Wasim Akram reveals cocaine addiction in devastating claim about wife

Wasim Akram, pictured here after commentating a T20 between Pakistan and England.
Wasim Akram looks on after commentating a T20 between Pakistan and England. (Photo by Alex Davidson/Getty Images)

Pakistani cricket legend Wasim Akram has revealed he became addicted to cocaine in the years following his retirement and only kicked the addiction when his first wife died.

Speaking to the Sunday Times, the former Pakistan captain who helped his country win the 1992 World Cup, said it was wife Huma who "found me out" and advised him to seek help.

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In an interview to promote his new autobiography 'Sultan: A Memoir', the 56-year-old said seeking help didn't work because "the doctor was a complete con man" and he returned to taking the drug.

But Huma's death in 2009 at the age of 42 finally convinced Akram to quit for good.

Akram - who took 414 wickets in 104 Tests for Pakistan - said "the culture of fame in south Asia is all-consuming, seductive and corrupting" and he fell into that trap after he retired from professional cricket in 2003.

"It was a substitute for the adrenaline rush of competition, which I sorely missed, or to take advantage of the opportunity, which I had never had," he revealed.

"My devices turned into vices."

Akram was diagnosed with diabetes when he was 30, and said he first took cocaine when he was offered some at a party in England.

"My use grew steadily more serious, to the point that I felt I needed it to function," he said.

Akram revealed how Huma felt isolated when they lived between England and Lahore with their two sons (Tahmoor and Akbar), as her husband's media commitments took him all over the world.

"It (cocaine) made me volatile," he said.

"It made me deceptive. Huma, I know, was often lonely in this time . . . she would talk of her desire to move to Karachi, to be nearer her parents and siblings.

"I was reluctant. Why? Partly because I liked going to Karachi on my own, pretending it was work when it was actually about partying, often for days at a time."

Wasim Akram, pictured here celebrating with Javed Miandad after the 1992 World Cup final.
Wasim Akram celebrates with Javed Miandad after the 1992 World Cup final. (Photo by Ben Radford/Allsport/Getty Images/Hulton Archive)

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Akram decided he needed help after Huma "discovered a packet of cocaine in my wallet."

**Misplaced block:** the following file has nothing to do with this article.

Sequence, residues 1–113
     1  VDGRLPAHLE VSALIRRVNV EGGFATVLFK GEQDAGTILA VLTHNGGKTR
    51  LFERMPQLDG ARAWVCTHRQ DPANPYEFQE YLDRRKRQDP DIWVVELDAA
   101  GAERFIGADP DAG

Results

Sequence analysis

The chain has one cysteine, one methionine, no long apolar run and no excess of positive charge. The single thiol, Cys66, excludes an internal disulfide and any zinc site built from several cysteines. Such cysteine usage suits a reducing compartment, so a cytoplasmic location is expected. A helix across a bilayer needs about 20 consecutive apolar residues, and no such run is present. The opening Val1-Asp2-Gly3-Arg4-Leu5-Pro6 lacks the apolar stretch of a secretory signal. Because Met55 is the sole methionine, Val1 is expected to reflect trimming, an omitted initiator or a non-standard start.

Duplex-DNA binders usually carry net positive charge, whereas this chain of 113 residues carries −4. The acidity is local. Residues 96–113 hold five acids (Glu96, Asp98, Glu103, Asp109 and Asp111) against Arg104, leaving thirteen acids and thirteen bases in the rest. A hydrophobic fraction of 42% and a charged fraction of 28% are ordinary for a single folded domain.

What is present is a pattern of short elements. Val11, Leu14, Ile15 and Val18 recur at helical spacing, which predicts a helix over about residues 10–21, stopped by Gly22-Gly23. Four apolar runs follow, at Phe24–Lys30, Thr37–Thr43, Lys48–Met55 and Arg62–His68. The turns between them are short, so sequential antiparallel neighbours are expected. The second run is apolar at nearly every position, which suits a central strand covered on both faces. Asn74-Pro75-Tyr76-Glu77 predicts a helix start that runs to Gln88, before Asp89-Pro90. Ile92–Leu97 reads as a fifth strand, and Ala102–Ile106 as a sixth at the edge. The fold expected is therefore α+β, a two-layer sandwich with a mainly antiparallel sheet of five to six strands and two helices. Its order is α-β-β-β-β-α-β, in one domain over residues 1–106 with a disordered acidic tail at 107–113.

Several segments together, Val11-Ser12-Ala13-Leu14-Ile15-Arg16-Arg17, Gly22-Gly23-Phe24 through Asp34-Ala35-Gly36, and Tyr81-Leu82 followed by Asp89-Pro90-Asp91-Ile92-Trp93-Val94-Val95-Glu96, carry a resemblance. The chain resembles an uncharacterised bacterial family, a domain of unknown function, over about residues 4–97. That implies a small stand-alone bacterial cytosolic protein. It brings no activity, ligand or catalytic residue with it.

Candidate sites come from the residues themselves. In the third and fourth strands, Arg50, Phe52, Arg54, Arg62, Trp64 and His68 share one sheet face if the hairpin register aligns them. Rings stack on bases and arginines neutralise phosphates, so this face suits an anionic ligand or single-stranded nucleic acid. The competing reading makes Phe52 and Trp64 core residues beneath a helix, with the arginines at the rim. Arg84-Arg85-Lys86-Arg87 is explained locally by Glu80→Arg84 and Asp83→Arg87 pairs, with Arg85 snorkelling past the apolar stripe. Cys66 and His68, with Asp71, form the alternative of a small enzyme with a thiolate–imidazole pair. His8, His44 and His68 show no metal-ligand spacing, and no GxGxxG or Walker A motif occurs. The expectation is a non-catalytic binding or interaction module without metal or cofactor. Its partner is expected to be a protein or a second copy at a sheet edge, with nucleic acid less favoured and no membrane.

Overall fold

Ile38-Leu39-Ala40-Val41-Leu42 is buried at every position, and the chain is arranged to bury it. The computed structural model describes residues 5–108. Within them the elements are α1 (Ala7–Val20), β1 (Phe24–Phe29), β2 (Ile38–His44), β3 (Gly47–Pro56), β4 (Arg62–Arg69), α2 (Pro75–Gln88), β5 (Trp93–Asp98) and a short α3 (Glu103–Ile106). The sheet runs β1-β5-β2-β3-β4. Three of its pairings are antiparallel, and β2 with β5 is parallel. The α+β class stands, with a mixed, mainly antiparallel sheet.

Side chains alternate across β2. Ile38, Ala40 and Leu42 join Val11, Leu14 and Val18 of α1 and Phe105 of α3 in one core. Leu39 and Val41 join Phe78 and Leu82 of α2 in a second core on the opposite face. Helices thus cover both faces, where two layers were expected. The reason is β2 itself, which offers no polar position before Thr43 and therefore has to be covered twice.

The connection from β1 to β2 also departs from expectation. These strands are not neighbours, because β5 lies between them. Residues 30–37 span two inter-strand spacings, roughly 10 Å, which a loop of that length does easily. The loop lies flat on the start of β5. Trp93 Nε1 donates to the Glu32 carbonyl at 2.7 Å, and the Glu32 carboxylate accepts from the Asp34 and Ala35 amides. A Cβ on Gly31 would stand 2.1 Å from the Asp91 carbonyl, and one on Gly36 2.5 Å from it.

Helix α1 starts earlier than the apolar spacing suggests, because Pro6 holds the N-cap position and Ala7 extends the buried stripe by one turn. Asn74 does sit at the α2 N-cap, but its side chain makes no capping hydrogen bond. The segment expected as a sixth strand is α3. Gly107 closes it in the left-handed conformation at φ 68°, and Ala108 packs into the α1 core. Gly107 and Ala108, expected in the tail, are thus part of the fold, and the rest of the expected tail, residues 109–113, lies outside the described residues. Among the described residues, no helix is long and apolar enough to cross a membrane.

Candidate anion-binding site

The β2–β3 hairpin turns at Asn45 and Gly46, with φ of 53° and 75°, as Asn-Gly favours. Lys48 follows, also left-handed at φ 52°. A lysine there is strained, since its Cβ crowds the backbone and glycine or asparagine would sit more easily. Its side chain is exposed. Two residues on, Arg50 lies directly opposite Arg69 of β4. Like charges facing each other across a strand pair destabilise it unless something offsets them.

"I couldn't control it," he said. "Four (lines) would become a gram, a gram would become two.

"I could not sleep. I could not eat. I grew inattentive to my diabetes, which caused me headaches and mood swings."

Akram said a stint in rehab in Lahore was a complete failure, largely because the doctor who treated him placed dollar signs ahead of curing his patients.

"This facility was brutal. A bare building with five cells, a meeting room and a kitchen," he said.

"The doctor was a complete con man, who worked primarily on manipulating families rather than treating patients, on separating relatives from money rather than users from drugs."

Wasim Akram, pictured here with second wife Shaniera at an Indian Premier League game in 2016.
Wasim Akram with second wife Shaniera at an Indian Premier League game in 2016. (Photo credit should read AAMIR QURESHI/AFP via Getty Images)

The bowling legend resumed his habit as "the lure of my lifestyle remained" and indulged in it at the 2009 Champions Trophy.

But two weeks after the tournament finished Huma died of mucormycosis - a rare fungal infection.

Akram said the tragedy finally convinced him to give up cocaine.

"Huma's last selfless, unconscious act was curing me of my drug problem," said Akram, who has since remarried Australian Shaniera Thompson - with whom he has had a daughter Aiyla.

"That way of life was over, and I have never looked back."

Cricket fans and commentators have taken to social media to express their sadness over Akram's revelations.

with agencies

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